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Pricey consultants

Premier David Eby recently announced the appointment of three new special advisors to help tackle the pressing issues of his government.

These new advisors will focus on healthcare, Indigenous reconciliation and housing.

The move has been met with both praise and criticism, with some questioning the need for these positions in a government that already have ministers in charge of these areas.

The appointed advisors will report directly to the Premier, and some wonder why the centralizing of power to the Premier’s office.

A Premier could need special advisors for several reasons.

Firstly, they can provide the Premier with specialized knowledge and expertise in specific areas. This knowledge is essential in making informed decisions and they may be able to come up with creative solutions.

Secondly, special advisors can act as a direct link between the Premier and various stakeholders, such as business leaders, community organizations, and interest groups. This connection allows for the Premier to receive direct feedback on the issues that matter most to the people, and to make decisions based on this feedback.

One may safely assume that Premier Eby doesn’t trust his own ministers, and by extension the public service. Which is interesting because he has added additional ministers and parliamentary secretaries, along with over 100,000 public servants.

The talking point rationale is that advisors can help quicken decisions through bureaucratic bloat.

NDP governments have traditionally been large, slow moving and grow with every year they are in power.

Large, bloated governments often move slowly due to the sheer number of bureaucrats and decision-makers involved in any given decision. With more people involved, there are more opinions and perspectives to consider, leading to longer wait times for decisions to be made and executed.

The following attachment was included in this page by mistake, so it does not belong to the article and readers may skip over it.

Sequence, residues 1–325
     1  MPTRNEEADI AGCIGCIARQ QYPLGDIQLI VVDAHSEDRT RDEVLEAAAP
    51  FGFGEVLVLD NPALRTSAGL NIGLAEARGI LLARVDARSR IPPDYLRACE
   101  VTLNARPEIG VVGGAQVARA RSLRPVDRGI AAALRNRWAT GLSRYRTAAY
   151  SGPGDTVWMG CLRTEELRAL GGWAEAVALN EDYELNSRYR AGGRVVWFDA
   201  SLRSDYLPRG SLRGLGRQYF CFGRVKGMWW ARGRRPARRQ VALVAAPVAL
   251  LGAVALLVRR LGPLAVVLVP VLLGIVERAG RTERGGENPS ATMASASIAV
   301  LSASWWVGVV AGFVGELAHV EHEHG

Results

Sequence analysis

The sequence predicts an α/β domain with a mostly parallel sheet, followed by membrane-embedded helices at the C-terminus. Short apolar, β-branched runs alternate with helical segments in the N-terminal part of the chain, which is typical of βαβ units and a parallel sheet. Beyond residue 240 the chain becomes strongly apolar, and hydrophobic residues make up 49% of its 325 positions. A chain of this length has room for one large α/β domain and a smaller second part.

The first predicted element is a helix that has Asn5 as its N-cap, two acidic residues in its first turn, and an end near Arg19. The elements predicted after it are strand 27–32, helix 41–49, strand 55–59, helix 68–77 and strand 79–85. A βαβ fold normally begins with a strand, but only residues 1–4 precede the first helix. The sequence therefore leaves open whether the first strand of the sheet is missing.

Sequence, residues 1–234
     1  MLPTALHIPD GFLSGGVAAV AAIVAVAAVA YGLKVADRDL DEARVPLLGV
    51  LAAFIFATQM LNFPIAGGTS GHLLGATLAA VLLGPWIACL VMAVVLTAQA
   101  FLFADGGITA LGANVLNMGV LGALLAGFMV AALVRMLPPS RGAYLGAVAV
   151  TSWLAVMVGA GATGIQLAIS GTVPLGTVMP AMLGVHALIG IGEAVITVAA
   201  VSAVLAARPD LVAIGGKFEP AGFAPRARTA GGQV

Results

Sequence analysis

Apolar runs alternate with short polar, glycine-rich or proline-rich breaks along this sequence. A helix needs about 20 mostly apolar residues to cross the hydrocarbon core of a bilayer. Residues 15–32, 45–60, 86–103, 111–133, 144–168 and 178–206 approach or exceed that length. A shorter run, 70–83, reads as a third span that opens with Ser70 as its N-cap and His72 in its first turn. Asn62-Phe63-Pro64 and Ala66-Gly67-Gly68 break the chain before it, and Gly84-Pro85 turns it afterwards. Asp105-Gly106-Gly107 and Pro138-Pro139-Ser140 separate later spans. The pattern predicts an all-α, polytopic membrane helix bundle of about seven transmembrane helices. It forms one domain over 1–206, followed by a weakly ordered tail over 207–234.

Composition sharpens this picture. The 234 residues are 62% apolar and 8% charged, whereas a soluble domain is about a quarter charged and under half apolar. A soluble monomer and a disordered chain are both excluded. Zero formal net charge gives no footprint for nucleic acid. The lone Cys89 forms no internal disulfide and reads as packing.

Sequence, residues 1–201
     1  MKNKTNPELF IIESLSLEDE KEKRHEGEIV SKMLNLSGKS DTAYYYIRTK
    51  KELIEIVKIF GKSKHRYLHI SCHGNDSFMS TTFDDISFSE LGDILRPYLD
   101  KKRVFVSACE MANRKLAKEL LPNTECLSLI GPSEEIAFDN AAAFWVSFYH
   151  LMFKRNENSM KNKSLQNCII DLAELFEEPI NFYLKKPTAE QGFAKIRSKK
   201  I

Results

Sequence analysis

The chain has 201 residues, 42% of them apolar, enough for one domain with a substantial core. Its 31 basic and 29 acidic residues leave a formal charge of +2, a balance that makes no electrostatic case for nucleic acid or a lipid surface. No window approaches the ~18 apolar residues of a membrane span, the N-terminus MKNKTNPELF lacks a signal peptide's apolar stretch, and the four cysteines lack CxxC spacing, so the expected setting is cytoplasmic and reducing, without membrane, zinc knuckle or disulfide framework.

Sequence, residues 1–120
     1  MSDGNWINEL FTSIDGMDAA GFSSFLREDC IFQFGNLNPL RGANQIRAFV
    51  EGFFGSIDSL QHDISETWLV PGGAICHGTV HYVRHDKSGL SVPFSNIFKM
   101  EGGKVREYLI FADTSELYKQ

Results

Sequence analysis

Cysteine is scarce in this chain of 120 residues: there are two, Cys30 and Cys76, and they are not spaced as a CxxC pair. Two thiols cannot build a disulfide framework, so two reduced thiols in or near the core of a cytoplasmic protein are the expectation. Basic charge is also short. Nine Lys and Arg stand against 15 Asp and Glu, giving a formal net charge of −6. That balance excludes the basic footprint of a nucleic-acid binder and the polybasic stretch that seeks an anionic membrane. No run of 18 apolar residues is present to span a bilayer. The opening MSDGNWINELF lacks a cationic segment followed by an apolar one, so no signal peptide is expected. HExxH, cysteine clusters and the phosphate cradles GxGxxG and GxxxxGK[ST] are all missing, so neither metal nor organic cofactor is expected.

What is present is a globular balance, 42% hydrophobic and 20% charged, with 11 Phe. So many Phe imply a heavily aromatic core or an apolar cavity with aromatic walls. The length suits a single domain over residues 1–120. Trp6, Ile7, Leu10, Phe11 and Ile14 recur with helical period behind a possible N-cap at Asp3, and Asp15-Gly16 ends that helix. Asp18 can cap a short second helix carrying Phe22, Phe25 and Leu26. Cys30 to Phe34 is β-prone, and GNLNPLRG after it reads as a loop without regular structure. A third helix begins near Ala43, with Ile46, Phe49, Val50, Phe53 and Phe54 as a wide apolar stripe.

So in reality, adding more advisors could exacerbate those time frames and confuse the chains of command. In addition, advisors are not accountable to you in the same way that Ministers are.

Advisors also cost the you, the taxpayer.

Premier Eby’s new list of advisors will cost over $575,000 per year, and that’s with two of them working only part time!

The housing advisor, Lisa Helps, is a former two-time mayor of Victoria. With a strong background in affordable housing and community development, she is seemingly well-equipped to advise the Premier on housing and homelessness issues.

But was she able to get her “missing middle” objectives through her city’s council for the three years that she tried?

No. Sadly, it was only after she left that the initiative was finally passed.

As mayor, Lisa Helps commissioned a survey through MNP that showed that 80% of respondents were dissatisfied with the City of Victoria’s governance. 73% didn’t believe that public input is considered in council in its decision-making process.

In addition, a recent CMHC study showed Victoria to be the third most expensive city in Canada to rent a two bedroom suite in a purpose built rental building.

This is who Eby chooses to help advise him in how to address attainable housing?

One thing for sure, Premier David Eby has charted a course on a very different power path than the distributed and trusting model of Premier Horgan.

The results will be known by the outcomes.

Unfortunately, the taxpayer will have paid almost a million dollars for these results.

My question to you is this:

Do you think that Eby’s advisors will result in better decisions and outcomes?

I love hearing from you and I read every email! Email me at or call me at 250-712-3620.

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